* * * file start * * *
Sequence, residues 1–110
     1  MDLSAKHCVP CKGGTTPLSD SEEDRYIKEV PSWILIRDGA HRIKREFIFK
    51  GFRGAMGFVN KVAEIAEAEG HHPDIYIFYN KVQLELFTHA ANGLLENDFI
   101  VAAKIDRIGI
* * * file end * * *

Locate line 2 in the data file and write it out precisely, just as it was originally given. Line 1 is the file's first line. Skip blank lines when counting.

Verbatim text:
     1  MDLSAKHCVP CKGGTTPLSD SEEDRYIKEV PSWILIRDGA HRIKREFIFK